Heliocentric vs Geocentric
The night sky has been a subject of human curiosity from the earliest civilizations on earth. From Babylonians, Egyptians, Greeks, and Indus all had a fascination for the celestial objects and the elite of the intellectuals built theories to explain the miracles of the heavens. Earlier they were ascribed to the deities, and later the explanation took more logical and scientific form.
However, it was not until the Greeks development that proper theories about the earth and the rotation of the planets emerged. Heliocentric and geocentric are two explanations of the configuration of the universe, including the solar system.
The geocentric model says that the earth is at the center of the cosmos, and the planets, the sun and the moon, and the stars circles around it. The early heliocentric models consider the sun as the center, and the planets revolve around the sun.
More about Geocentric
The most predominant theory of the structure of the universe in the ancient world was the geocentric model. It says that the earth is at the center of the universe, and every other celestial body rotates around the earth.
The origin of this theory is obvious; it is the elementary naked eye observation of the movement of the objects in the sky. The path of an object in the sky always seems to be in the same vicinity and repeatedly it rises from east and sets from west approximately at the same points on the horizon. Also, the earth always seems to be stationary. Therefore, the closest conclusion is that these objects move in circles around the earth.
Greeks were strong advocates of this theory, especially the great philosophers Aristotle and Ptolemy. After the death of Ptolemy, the theory lasted for more than 2000 years unchallenged.
More about Heliocentric
The concept that the sun is at the center of the universe, also first emerged in Ancient Greece. It was the Greek philosopher Aristarchus of Samos who proposed the theory in 3rd century BC, but was not taken much into account because of the dominance of the Aristotelian view of the universe and lack of proof of the theory at that time.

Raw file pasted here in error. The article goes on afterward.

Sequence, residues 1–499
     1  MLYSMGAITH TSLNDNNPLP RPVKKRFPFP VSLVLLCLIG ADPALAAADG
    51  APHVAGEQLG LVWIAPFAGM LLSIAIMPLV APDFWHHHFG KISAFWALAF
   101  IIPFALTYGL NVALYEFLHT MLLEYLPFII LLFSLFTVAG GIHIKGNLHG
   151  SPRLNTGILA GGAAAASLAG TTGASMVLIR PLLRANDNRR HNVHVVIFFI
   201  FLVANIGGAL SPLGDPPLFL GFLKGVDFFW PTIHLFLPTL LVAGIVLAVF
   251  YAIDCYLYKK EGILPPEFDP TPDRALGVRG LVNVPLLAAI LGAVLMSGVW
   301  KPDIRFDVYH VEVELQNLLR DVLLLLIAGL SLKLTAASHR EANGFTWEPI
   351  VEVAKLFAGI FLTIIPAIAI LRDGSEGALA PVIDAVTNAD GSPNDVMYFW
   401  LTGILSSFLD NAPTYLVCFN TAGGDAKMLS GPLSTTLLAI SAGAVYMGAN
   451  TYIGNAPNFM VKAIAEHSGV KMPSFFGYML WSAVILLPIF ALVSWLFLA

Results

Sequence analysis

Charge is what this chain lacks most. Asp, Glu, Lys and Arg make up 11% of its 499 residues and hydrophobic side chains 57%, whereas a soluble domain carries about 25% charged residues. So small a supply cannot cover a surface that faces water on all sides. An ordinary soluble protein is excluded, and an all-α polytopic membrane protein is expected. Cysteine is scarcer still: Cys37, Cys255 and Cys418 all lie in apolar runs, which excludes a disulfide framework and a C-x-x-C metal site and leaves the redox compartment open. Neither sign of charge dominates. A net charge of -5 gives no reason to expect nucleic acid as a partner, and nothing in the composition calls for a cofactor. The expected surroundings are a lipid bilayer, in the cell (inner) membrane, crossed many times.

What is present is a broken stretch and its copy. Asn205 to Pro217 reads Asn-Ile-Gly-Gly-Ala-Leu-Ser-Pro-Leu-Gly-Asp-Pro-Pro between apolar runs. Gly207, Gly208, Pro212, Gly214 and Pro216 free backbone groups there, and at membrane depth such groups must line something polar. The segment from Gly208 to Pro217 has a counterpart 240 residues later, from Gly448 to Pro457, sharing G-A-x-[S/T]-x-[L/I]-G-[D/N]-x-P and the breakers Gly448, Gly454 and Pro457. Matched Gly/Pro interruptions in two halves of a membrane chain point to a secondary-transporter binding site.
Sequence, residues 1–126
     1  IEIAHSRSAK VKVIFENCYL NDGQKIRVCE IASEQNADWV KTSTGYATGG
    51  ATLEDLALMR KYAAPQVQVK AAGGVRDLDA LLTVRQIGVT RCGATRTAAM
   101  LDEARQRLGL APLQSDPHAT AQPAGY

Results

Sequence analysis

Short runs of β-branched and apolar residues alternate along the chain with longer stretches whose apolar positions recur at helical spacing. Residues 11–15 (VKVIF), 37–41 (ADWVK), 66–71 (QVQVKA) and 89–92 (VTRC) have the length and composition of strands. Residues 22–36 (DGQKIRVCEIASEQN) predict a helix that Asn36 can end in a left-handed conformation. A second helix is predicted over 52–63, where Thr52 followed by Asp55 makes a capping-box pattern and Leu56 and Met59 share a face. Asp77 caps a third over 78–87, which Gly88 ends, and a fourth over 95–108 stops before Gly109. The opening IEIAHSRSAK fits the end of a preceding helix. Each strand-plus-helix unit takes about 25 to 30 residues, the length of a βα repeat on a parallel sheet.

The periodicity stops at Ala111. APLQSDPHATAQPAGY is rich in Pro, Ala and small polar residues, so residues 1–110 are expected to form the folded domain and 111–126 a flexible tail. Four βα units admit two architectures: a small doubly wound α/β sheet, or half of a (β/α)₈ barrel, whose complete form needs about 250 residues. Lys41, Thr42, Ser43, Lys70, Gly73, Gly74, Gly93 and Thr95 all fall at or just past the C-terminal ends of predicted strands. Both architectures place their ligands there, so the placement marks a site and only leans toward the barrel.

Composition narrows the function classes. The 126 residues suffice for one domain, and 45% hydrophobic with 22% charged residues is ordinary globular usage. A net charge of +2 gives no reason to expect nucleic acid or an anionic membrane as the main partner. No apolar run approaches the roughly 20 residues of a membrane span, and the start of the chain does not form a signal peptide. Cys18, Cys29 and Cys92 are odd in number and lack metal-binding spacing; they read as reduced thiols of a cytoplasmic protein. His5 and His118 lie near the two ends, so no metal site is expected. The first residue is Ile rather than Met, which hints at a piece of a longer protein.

It was during the Renaissance era that mathematician and catholic cleric Nicholaus Copernicus developed a mathematical model to explain the motion of the heavenly bodies. In his model, the sun was at the center of the solar system and the planet moved around the sun, including the earth. And the moon was considered to move around the earth.
This revolutionized the way of thinking about the universe and conflicted with the religious beliefs at that time. The major feature of the Copernican theory can be summarized as follows:
1. The motion of the celestial bodies is uniform, eternal, and circular or compounded of several circles.
2. The center of the cosmos is the Sun.
3. Around the Sun, in the order of Mercury, Venus, Earth and Moon, Mars, Jupiter, and Saturn moves in their own orbits and the stars are fixed in the sky.
4. The earth has three motions; daily rotation, annual revolution, and annual tilting off its axis.
5. The retrograde motion of the planets is as explained by the Earth’s motion.
6. The distance from the Earth to the Sun is small compared to the distance to the stars.
Heliocentric vs Geocentric: what is the difference between the two models?
• In the geocentric model, the earth is considered as the center of the universe, and all celestial bodies move around the earth (planets, moon, sun and the stars).
• In the heliocentric model, the sun is considered as the center of the universe, and the celestial bodies move around the sun.
(During the course of development of astronomy, many theories of geocentric universe and heliocentric universe were developed, and they have significant differences, especially regarding the orbits, but the core principles are as described above)